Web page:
In a series of assignments, the set was used to measure the performance capability of organizations. This implied the assessment of values for each indicator. Two important conclusions were drawn. Many low maturity organizations (CMMI Level 1) have the opinion that they lack quantitative data. In most cases, this is not true. Although not centrally stored, many sources of data can normally be identified. The challenge is then to identify these data sources and analyze them in order to obtain useful information. For the analysis of the software itself and its evolution over time, advanced but affordable tooling is available. Higher maturity organizations (CMMI Level 2 and higher) often have the opinion that they have access to rich sources of information. In most cases, the contrary is true. Despite many measurements, the conversion of data to useful management information is a weakness for many organizations. In addition, the availability of clearly defined measurement constructs and validation of measurement data before consolidation are exceptions. This leads to problems with respect to consistency, completeness and reliability. A possible explanation is that at level 2, measurements are mainly performed at project level. At the road towards higher maturity levels, it is tried to aggregate the data at organizational level. Issues are in that case the different project backgrounds and the lack of discipline to make project data centrally available and use it.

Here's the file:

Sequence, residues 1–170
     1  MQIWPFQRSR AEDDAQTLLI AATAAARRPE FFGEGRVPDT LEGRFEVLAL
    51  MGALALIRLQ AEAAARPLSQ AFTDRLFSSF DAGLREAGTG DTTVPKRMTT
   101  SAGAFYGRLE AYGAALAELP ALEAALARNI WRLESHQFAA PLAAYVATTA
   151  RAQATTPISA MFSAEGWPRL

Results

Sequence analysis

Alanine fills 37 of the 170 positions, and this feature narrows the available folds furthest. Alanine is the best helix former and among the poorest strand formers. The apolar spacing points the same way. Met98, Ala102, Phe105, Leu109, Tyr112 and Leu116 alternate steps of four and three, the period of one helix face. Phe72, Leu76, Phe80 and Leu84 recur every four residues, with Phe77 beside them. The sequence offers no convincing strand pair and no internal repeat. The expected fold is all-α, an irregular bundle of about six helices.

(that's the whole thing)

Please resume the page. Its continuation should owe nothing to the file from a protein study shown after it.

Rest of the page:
Correlation performance and process improvement